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Six Ways To Prepare Now For Rising Interest Rates


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Take Steps Now to Soften the Impact

For several years before 2005, interest rates were at historic lows, enticing people to spend more on credit. When interest rates rise, what do higher rates do to your personal finances? When you hear of the possibility of rate hikes by the Federal Reserve (the Fed), is there anything you should do to prepare?

When the Fed starts pushing up the interest rates, credit card debt, mortgage rates, and rates on car loans are affected. The average US household debt, according to the Fed, is $20,000, not including mortgages. Most of that debt is credit card debt and home equity lines of credit, so people with this type of debt will be affected most.

If you're struggling to pay your credit card bills each month or you pay your bills but can only swing the minimum payment, even a small rise in rates could be a problem. Over time, as the rates gradually continue to rise, more and more of your monthly payment will go towards interest and less and less towards paying off your balance. For help on getting out of debt, see Credit and Debt Guide.

Here are six ways to prepare yourself to come out ahead:

  1. If you're only making minimum payments on your credit cards, start paying more. If you can't come up with the money to increase your payments, start budgeting or tighten your existing budget, cut spending, and pay down credit card debt with the money you save. For budgeting help, see Budgeting 101.
  2. Don't be fooled by your "fixed rate" credit cards. Your credit card company legally must only give 15 days written notice before raising your rate. Even so, if interest rates are expected to increase and you haven't already transferred your balances to lower-rate cards, you should consider doing so, looking for those that promise a low rate for a specific period of time. For advice on the fastest way to reduce your credit card debt, see Get Out of Debt Now.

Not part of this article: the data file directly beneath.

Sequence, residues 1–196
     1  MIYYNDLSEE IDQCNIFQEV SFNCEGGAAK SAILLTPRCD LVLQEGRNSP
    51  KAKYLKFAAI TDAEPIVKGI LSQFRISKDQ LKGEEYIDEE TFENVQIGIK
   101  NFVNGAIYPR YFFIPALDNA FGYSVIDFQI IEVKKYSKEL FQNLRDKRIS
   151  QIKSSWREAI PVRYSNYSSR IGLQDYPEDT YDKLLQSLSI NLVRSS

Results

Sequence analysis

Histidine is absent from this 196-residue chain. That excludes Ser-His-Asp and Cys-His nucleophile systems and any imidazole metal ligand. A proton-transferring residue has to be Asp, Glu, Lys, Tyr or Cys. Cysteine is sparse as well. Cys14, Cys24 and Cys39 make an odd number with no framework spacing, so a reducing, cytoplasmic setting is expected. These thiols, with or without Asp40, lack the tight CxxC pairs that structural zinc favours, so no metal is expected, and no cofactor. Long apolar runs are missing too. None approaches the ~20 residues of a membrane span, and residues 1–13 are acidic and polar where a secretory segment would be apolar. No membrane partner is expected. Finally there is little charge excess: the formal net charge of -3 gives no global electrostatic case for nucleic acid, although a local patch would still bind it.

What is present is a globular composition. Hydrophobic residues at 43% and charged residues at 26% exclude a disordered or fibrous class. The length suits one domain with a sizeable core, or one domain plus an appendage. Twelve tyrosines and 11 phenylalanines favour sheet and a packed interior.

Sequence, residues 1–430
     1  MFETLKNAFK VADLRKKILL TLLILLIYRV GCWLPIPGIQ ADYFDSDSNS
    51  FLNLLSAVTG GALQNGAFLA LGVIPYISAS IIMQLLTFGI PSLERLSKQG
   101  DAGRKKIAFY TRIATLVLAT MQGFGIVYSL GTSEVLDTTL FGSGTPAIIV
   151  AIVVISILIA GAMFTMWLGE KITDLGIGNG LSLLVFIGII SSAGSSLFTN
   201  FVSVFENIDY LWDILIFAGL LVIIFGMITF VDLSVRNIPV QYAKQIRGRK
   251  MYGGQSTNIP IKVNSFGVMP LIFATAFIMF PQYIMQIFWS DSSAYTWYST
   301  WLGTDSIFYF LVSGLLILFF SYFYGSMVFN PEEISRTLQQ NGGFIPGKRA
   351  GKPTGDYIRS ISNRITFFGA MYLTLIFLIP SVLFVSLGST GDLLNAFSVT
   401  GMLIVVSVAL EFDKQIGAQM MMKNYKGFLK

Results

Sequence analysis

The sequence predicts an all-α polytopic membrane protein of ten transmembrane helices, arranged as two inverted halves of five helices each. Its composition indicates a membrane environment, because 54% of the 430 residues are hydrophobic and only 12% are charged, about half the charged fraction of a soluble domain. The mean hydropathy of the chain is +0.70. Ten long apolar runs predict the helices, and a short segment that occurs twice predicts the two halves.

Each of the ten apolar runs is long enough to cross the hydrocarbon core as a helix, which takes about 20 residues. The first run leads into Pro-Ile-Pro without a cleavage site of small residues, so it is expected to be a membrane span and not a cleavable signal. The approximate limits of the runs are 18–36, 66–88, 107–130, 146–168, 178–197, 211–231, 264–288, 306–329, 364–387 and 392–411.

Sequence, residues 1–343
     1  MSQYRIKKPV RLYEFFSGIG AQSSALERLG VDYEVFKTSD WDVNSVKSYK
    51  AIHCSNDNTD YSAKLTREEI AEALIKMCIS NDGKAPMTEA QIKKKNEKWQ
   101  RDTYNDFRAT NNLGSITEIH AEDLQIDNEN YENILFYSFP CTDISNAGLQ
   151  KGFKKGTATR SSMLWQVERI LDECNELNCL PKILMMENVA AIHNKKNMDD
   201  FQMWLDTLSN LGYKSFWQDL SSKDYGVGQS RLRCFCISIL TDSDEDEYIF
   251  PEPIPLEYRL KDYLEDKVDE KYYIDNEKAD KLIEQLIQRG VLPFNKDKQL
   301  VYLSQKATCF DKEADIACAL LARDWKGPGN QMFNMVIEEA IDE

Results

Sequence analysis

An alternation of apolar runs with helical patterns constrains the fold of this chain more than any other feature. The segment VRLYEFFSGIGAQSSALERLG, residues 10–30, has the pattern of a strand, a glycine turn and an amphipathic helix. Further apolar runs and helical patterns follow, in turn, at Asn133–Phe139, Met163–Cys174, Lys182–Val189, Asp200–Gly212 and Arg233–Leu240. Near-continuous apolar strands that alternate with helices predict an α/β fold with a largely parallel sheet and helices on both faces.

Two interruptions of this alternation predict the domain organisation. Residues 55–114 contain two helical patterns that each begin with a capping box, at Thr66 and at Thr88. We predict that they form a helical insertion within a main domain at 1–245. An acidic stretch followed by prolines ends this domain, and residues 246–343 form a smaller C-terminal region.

3. If you have a home equity line of credit, consider taking out a home equity loan to repay it if interesst rates are expected to rise. Since interest rates on home equity lines of credit are tied to the prime rate, if rates rise, so will the interest on your loan. Depending on how much you borrowed, this could quickly become a payment you can't afford, and your house is at risk. By replacing the home equity line of credit with a home equity loan, you lock in a lower interest rate. See Home Equity Loans: Look Before You Leap.
  4. If you have an adjustable rate mortgage, and you plan to be in your home for at least five years, consider refinancing to a fixed rate mortgage when rates are expected to rise. See How To Take Advantage of Lower Mortgage Interest Rates.
  5. As mortgage interest rates rise, you'll be able to afford less house for your money, so if rates are expected to rise and you're in the market for a house, consider stepping up your house-hunting efforts. Be sure to research real estate trends in your area so you don't buy at a period of inflated home prices. See Mortgage Information and Advice.
  6. If you're in the market for a new car, consider accelerating your plans before interest rates rise, possibly taking advantage of zero percent financing. These offers often disappear as rates rise. See Save Money On Your Next Car.

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